Five days later, several concerned Jewish and Quaker UK citizens went to the British government asking for help in a rescue mission they were planning to help children most at risk. The original idea was to collect children or teens in danger of arrest, orphans, and children whose parents were imprisoned. The UK would then house and Continue reading
The artistry is exquisite; the detailing impressive. Built from 447 B.C. to 432 B.C. when such a building was truly a monument to the creativity and abilities of the Greeks, the Parthenon’s beauty has survived generations and centuries to remind the world of the power of human ingenuity. Carefully built upon a solid foundation of limestone and painstakingly elaborated with carvings of Pentelic Marble, the Parthenon has 46 separate columns surrounding the building. Above those columns, dozens of detailed marble plaques were embedded in the roof (1). It is these plaques that have been the center of so much debate in recent years (1). You can actually still see in the photo below the places where these embedded marbles used to be. Continue reading
Okay, I admit it. I’m from a VERY small town in a VERY small country, so my local county museum consisted of the old mansion home of a local famous/wealthy horse breeder, an old schoolhouse, and about a dozen ancient oil lamps and doilies. So in my mind, county museums mean small, not a whole lot to see, and an interesting hour or two.
Well, over the summer I was visiting Yokohama and ended up with a couple hours to spare. Since I was in the area, I decided to visit the Kanagawa Prefectural Museum, which is basically the city’s county museum. Now, I’m thinking I’ll see an old building, maybe catch a few old photographs, and see some old pottery, while still making it out in time to grab some souvenirs for family. But what I didn’t take into account was the fact that Midwestern US museums’ greatest events are the soldiers leaving for WWI, WWII and the wars thereafter.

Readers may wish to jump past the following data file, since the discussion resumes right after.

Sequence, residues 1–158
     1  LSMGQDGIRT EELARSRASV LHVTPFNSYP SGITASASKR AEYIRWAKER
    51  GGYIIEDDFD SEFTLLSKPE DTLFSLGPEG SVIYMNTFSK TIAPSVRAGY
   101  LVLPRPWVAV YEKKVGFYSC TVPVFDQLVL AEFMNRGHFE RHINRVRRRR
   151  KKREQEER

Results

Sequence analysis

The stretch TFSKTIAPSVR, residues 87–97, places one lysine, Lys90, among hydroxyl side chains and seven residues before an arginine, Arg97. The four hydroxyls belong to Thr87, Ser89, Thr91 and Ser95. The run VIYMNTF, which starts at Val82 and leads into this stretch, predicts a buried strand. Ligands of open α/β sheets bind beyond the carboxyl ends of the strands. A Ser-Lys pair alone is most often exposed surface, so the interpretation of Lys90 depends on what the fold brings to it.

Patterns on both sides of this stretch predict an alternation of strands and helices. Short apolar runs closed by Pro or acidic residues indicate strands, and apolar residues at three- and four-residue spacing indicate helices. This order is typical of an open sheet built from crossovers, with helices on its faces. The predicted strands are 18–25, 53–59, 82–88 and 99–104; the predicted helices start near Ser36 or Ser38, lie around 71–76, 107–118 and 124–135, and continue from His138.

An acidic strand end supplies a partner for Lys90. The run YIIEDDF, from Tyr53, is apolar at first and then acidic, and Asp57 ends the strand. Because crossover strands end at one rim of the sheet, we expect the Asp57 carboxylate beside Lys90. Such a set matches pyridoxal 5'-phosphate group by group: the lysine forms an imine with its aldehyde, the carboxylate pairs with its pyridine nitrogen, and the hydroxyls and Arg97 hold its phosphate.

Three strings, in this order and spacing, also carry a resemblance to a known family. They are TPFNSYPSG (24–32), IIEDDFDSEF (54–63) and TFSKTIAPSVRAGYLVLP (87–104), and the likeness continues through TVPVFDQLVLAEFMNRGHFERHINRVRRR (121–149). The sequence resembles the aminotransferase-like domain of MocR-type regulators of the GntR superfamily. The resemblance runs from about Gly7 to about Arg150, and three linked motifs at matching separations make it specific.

Kanagawa, on the other hand, has thousands of years of history spanning dozens of empires and centuries of religious, cultural, and social upheaval and development. It’s survived hundreds of rulers, the bombings of WWII, the rise of Buddhism and the introduction of Christianity, the 1964 Olympics, and was the landing sight of Commodore Perry, the man who forcibly opened Japan to the west. So what I found was practically another national Museum.
Now, everything was in Japanese (and I do mean everything, even the brochures were untranslated). But it was also empty, so all the people were standing around waiting for people to come. They saw me wandering around and before I knew what was going on I have 4 different employees following me around with a translator machine explaining all the exhibits and what they meant. I got my own personal tour of this awesome place! Everyone was incredibly kind, and my visit (which actually took 3+ hours) was an unexpectedly amazing event.
I apologize for the quality of these photos, I ran out of film earlier in the day and was stuck with my Ipod. 😦 Still, they show what an amazing history this place has!
They also had Buddha statues, more sculptures than I could count, dozens of ancient maps, stunning paintings, and some amazing photography, as well as many other artifacts and cultural resources. It was a wonderful place to visit!
If you’re in the area and want to stop by, you can find out more information about the Museum here. I think it cost me about $6-7 total, but I don’t quite remember. Museums in Japan are more expensive than those in Korea, but I remember that this one wasn’t too bad. Great place to visit and it’s right down from Kannai street (a famous shopping street in Yokohama). Look it up!
Spies, Espionage, and Sabotage
WWII was a war unlike any the world had seen before, and not just in the monstrous brutality so viciously enacted in the course of those few years. There was also the fact that, for the first time in history, this was a war focused upon covert operations and guerrilla warfare.
In other words. . . this was a war of spies. Continue reading